FDA Strikes Down Antioxidant/Cancer Health Claim
WASHINGTON--After almost six months of dragging its feet, the Food and Drug Administration (FDA) struck down a health claim for the relationship between antioxidants and cancer. In a May 4 letter to the plaintiffs who petitioned for the claim, the director of the Office of Nutritional Products, Labeling and Dietary Supplements, Christine Lewis, stated that there was a lack of scientific agreement among qualified experts in regard to the relationship between the intake of antioxidant vitamins, such as vitamins C and E, and a decreased risk for certain kinds of cancer. This is the last of four claims FDA has reviewed under the Pearson v. Shalala decision.
According to FDA, it reviewed scientific evidence for the claims by conducting a literature search and publishing two notices in the Federal Register soliciting comments. It then reviewed the validity of these health claims by applying the "significant scientific agreement" standard and evaluating whether evidence for the claim outweighed the evidence against the claim. FDA found that the scientific evidence against vitamins E and C, both alone and in combination, far outweighed the evidence that supported the antioxidants' benefits for cancer. Due to the lack of scientific evidence, the agency reported that it thoroughly evaluated the safety of vitamin C and E supplements, although the letter did cite two studies where these vitamins possibly increased the risk for cancer. "Should the scientific evidence change in the future ... FDA would consider these potential safety concerns at that time," wrote Lewis.
Some believe there is more than enough evidence suggesting that antioxidants offer health benefits. "The more information we can get to the public through health claims, the healthier the country will be," said Susan Carlson, co-founder of Arlington Heights, Ill.-based J.R. Carlson Laboratories Inc. "Any way that we can get information to the public is to everyone's advantage." Carlson Labs produces a wide range of supplements, including vitamin E and other antioxidants.
Though not every type of cancer may be impacted by antioxidants, that does not mean certain vitamins cannot benefit certain cancers. "Of all of the claims [under Pearson v. Shalala], I don't consider this one to be the strongest," said Annette Dickinson, vice president of scientific and regulatory affairs at the Council for Responsible Nutrition (CRN). "But I'm not willing to say that one or more of these cancers [may not benefit from antioxidant intake]." She added that one drawback in reviewing health claims is knowing where to draw the line as to how much scientific evidence is needed to support a claim.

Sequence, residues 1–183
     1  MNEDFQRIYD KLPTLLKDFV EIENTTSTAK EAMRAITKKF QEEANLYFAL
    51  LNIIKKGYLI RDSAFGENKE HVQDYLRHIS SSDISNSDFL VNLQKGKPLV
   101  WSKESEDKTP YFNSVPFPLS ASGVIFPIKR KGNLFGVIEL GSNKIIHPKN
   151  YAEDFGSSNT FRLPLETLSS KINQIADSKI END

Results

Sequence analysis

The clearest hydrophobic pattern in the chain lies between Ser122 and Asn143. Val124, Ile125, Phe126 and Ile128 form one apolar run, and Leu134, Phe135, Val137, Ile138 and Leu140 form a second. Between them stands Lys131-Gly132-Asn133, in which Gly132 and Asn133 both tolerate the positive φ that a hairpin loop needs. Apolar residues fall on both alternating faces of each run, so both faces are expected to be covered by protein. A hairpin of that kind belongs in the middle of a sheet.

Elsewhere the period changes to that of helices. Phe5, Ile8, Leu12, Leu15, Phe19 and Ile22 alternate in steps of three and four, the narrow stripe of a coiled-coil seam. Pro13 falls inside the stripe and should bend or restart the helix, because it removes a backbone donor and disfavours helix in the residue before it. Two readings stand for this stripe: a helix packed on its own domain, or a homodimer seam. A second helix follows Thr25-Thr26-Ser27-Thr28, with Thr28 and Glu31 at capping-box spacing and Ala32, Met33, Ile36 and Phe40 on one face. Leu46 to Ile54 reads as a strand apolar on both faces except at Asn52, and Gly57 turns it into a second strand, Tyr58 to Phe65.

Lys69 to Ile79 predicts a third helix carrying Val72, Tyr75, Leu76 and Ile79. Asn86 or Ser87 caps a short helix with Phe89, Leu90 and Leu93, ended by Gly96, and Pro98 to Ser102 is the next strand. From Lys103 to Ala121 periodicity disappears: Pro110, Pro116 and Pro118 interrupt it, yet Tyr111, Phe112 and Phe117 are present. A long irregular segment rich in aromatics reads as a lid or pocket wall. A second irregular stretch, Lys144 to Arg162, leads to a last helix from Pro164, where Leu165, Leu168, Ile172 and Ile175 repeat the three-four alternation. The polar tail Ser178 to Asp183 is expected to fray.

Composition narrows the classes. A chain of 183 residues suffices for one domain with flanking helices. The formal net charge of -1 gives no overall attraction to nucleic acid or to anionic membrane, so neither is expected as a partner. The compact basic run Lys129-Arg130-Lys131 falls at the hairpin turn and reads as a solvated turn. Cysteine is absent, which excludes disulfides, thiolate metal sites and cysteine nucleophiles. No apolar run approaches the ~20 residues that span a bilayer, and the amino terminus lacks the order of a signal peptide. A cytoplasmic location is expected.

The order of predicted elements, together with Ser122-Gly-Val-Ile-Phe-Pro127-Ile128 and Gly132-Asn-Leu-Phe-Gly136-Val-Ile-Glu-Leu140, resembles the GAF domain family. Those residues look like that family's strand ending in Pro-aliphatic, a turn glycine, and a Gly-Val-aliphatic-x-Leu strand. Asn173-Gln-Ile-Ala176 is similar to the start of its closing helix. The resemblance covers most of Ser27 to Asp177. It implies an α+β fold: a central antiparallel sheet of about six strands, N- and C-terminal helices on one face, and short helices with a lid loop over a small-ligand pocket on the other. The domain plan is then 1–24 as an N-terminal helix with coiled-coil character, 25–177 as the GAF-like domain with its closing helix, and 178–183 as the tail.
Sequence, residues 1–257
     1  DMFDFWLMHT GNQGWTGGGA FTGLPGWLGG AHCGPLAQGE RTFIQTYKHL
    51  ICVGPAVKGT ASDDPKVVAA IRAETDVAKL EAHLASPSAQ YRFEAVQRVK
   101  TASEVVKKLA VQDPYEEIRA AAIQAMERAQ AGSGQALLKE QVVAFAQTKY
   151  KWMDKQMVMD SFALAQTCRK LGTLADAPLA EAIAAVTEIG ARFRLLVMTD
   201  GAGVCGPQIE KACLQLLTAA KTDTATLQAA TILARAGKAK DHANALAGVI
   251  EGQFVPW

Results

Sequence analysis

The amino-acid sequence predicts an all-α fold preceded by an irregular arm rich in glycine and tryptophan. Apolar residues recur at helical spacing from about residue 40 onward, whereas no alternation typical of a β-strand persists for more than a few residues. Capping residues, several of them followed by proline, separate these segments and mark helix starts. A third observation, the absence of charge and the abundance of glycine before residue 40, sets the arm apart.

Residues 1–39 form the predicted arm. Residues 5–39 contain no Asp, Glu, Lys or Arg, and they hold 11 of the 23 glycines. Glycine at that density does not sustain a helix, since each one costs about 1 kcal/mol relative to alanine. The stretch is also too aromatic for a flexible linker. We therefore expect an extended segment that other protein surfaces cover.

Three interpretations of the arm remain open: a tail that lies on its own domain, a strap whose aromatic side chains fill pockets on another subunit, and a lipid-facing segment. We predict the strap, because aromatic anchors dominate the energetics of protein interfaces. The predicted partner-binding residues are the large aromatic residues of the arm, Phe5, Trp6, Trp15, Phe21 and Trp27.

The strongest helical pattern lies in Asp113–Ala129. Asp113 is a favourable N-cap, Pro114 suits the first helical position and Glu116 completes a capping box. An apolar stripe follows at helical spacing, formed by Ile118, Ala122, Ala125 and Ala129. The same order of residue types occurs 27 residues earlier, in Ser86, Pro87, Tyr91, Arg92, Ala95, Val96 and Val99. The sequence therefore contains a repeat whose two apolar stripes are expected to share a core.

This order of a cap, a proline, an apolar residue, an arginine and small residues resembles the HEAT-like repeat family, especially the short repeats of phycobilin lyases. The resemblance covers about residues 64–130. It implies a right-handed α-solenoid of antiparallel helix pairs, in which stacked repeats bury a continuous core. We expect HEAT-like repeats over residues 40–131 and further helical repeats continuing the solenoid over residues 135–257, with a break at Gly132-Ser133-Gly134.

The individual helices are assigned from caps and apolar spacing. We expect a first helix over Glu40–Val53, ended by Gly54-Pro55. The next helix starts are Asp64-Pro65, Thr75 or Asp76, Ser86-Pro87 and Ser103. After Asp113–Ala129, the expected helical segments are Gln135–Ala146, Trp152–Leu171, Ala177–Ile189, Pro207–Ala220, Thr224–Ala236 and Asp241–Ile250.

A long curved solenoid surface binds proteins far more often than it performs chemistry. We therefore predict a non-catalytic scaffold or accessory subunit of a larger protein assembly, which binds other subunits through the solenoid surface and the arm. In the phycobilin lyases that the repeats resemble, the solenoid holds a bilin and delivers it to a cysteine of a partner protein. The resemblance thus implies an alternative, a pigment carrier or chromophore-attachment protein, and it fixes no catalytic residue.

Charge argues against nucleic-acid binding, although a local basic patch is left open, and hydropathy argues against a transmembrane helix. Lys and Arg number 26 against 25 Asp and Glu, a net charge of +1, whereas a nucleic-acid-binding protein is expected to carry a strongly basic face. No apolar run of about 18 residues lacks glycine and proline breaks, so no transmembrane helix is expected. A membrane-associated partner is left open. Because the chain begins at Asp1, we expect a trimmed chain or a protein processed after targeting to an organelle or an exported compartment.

Although the agency decided to withhold a qualified health claim, FDA could have come back with a disclaimer--something FDA failed to evaluate, according to Jonathan Emord of Emord & Associates P.C., the law firm that received FDA's letter and which represents the Pearson v. Shalala plaintiffs. "This was a less restrictive alternative to outright suppression [of the claim]."
Emord said he believed politics rather than science drove FDA to make this decision. "There is no question that the process of reducing free radicals reduces cancer risk," he said. "The agency's analysis looks at the wrong matter [in some cases]--they've demanded evidence that antioxidant vitamins actually mitigate ... polyps and elevated PSA. Our claim has nothing to do with treatment [but with risk]."
Emord said that one possible action taken by the plaintiffs might be to seek a court order directing FDA and certain FDA officers to comply with the order under threat of contempt and personal liability.
To read the FDA letter, visit www.emord.com.